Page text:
I say that in the context of a much larger question that also seems to drive much of the Trump budget. You must read the budget blueprint in its entirety, with an eye to questions of community and coastal resilience and climate change, to absorb fully the fact that the Trump administration is at war with any efforts to recognize the realities of climate change or facilitate climate change adaptation. The proposal zeroes out the National Oceanic and Atmospheric Administration’s coastal mapping and resilience grant programs. I will grant in full disclosure that APA, in partnership with the Association of State Floodplain Managers, is the recipient of a Regional Coastal Resilience Grant. For good reason: Our three-year project works with pilot communities in Georgia and Ohio to test and implement means of incorporating the best climate science into planning for local capital improvements. Communities invest billions of dollars yearly in transportation and environmental infrastructure and related improvements, and in coastal areas, ensuring that those investments account for resilience in the face of future climate conditions will save far more money for this nation than the $705,00 investment (plus a 50% match from ASFPM and APA) that NOAA is making in the project. The problem is that you have to respect the voluminous climatological science that has demonstrated that the climate is changing and that a serious long-term problem exists. And it is not just the focus of our singular project that matters. Today’s Chicago Tribune contains an Associated Press article about the race by scientists to halt the death of coral reefs due to ocean warming. The article notes that the world has lost half of its coral reefs in the last 30 years and that those reefs produce some of the oxygen we breathe.

The damage on climate change, however, does not stop with the NOAA budget. The Trump budget also zeroes out U.S. contributions to international programs to address climate change and undermines existing U.S. commitments to international climate agreements.

There is also a failure to take seriously the role of the U.S. Environmental Protection Agency, which would suffer a 31% budget reduction and the loss of 3,200 jobs. Among the programs to be axed is the Great Lakes Restoration Initiative, ostensibly on grounds that, like the Chesapeake Bay programs, it is a regional and not a national priority and therefore undeserving of federal support. That ignores the fact that four of the five lakes are international waters shared with Canada. It also ignores the history of the agency and its 1970 creation under President Richard Nixon, largely as a result of the serious water pollution problems experienced at the time.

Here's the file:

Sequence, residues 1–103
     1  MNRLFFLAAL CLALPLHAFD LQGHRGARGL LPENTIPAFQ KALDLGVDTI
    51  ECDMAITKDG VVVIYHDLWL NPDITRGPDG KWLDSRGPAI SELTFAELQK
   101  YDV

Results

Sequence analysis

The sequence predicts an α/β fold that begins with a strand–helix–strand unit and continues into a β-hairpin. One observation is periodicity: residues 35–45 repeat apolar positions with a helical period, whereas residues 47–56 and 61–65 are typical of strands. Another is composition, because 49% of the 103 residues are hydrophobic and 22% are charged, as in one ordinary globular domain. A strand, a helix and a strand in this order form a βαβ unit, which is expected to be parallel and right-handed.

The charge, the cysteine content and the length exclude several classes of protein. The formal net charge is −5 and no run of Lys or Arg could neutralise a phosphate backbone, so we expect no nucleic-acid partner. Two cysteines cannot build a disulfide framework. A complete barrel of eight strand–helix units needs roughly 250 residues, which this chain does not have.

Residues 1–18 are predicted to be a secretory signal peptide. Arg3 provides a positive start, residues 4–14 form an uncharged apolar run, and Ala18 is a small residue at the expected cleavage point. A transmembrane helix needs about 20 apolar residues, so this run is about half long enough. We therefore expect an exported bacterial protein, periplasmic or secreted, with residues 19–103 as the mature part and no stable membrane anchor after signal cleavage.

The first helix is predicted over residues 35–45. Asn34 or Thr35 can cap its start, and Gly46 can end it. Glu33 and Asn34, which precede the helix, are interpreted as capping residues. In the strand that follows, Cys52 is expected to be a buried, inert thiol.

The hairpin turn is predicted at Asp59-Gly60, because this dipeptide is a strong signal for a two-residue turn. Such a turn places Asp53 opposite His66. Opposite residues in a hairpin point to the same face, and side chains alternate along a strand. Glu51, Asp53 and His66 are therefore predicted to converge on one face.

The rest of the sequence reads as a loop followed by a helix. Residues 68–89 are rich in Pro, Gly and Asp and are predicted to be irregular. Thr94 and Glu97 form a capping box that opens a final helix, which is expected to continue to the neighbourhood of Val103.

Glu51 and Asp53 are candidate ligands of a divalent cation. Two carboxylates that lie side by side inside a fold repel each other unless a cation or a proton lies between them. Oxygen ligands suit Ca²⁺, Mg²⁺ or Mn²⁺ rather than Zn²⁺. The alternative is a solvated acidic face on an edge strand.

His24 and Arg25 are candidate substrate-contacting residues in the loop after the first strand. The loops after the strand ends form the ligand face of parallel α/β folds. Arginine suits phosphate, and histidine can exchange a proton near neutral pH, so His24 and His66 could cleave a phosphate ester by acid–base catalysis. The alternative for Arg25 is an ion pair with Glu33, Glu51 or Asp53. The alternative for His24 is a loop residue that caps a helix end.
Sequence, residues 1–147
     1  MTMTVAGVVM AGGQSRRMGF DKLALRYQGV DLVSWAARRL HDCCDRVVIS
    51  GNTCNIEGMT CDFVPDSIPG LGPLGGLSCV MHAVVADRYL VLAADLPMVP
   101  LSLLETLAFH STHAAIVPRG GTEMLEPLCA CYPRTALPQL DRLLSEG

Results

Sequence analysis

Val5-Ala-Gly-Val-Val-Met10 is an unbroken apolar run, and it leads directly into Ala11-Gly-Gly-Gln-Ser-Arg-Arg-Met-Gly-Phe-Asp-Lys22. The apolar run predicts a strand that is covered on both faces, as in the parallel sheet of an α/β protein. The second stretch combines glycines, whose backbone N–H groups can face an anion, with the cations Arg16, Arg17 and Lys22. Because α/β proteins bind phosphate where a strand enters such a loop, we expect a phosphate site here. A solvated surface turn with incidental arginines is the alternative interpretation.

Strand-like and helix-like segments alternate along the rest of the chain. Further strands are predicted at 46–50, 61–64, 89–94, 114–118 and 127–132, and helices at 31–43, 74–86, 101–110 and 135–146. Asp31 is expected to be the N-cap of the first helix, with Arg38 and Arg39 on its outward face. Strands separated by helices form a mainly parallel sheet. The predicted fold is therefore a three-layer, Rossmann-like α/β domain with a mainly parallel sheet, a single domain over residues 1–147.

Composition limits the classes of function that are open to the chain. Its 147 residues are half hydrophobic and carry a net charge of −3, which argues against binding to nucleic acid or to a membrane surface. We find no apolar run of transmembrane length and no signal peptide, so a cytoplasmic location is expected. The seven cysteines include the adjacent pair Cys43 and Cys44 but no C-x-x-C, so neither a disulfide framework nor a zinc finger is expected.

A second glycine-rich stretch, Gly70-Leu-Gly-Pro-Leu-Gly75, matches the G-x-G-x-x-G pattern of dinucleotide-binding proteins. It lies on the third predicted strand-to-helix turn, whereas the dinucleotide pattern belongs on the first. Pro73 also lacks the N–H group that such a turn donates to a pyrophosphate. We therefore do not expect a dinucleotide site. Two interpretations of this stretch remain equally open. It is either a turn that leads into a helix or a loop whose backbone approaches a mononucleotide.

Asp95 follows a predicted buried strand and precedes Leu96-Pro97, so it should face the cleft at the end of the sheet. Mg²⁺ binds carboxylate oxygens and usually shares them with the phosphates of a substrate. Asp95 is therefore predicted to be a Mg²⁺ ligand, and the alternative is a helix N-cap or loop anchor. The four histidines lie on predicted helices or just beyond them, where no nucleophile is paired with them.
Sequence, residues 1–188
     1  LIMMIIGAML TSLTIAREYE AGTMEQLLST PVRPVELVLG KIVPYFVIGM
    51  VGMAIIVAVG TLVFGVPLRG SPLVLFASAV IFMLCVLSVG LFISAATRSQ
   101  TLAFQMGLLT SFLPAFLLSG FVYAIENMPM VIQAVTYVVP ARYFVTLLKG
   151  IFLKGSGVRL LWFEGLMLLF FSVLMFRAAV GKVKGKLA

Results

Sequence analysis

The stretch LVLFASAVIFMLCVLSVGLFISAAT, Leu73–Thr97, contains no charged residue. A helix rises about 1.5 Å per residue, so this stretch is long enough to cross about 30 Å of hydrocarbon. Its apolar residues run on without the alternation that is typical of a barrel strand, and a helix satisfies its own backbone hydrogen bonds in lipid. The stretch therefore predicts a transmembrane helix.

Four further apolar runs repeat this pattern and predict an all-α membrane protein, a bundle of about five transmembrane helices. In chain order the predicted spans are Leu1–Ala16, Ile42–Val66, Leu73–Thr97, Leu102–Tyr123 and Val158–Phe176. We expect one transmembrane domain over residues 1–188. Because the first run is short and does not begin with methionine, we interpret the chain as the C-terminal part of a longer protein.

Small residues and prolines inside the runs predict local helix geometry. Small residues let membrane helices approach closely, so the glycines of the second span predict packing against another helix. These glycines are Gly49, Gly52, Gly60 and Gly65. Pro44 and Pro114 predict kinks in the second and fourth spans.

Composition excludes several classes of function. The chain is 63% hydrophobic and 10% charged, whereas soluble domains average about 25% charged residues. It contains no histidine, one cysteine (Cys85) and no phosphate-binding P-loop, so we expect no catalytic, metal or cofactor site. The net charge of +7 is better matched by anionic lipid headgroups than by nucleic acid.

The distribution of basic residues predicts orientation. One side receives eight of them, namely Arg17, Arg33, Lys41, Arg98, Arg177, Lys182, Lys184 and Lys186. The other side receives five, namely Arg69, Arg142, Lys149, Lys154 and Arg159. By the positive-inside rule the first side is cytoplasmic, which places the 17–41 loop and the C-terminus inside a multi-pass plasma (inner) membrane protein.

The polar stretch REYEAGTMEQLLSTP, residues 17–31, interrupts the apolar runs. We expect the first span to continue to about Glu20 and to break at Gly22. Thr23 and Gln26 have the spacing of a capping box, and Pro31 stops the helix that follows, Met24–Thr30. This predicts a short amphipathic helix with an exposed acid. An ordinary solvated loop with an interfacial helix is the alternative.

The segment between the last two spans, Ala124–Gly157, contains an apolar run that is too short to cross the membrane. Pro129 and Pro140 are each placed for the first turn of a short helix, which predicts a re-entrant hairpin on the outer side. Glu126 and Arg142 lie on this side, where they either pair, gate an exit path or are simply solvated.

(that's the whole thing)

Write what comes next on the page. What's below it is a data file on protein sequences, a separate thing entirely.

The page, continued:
IMG_0256Younger readers may not even be aware of some of this. But I grew up before the EPA existed; I was a college student environmental activist when this came about. When I was in junior high school several years earlier, our class took a field trip aboard the Good Time cruise, which escorted people down the Cuyahoga River to the shores of Lake Erie in Cleveland. The river was such an unspeakable industrial cesspool that one classmate asked the tour guide what would happen if someone fell overboard into the river. Matter-of-factly, the guide responded, “They would probably get pneumonia and die.” We have come a long way, and for those of us who understand what a difference the EPA has made, there is no turning back. I am sure that White House staffers would say that is not the point, but to me it is.

I am sure that, as with other agencies, one can find duplicative programs to eliminate, and ways to tweak the budget for greater efficiencies. That should be a goal of any administration. But in the broad sweep of the damage this budget proposes, I find it impossible to discern that motive in the butcher cuts the White House embraces. It is time to contact your Senators and U.S. Representatives. Ultimately, the budget is up to Congress, which must decide whether the new priorities make sense. My personal opinion is that they are short-sighted and ill-informed.

 

Jim Schwab

All’s Well at Burwell’s

Chad Berginnis shares a story during the roast. To his right is Nicole LeBouef, new Deputy Assistant Administrator for NOAA for the National Ocean Service. Photo by Susan Fox.

Chad Berginnis shares a story during the roast. To his right is Nicole LeBouef, new Deputy Assistant Administrator for NOAA for the National Ocean Service. Photo by Susan Fox.

Warmth is a concept with many dimensions. In the realm of physics, it is a relative measure of temperature. In reference to weather, perhaps the most common subject of human conversation, it is a measure of the kinetic energy of the atmosphere around us, which is constantly changing. Mark Twain has been erroneously quoted as saying, “Everybody talks about the weather, but nobody does anything about it.” His friend Charles Dudley Warner sort of said it, but no mind. On Tuesday, February 7, in Charleston, South Carolina, no one around me had any complaints. We were perfectly happy with the kinetic energy of the atmosphere of the day, which brought the city to a very comfortable 75° F. No rain, just a mild breeze. Let it be. (You can accurately take that quote from the Beatles.) Two days later, I would have to return to Chicago, where it was 18° F. when I stepped off the airplane.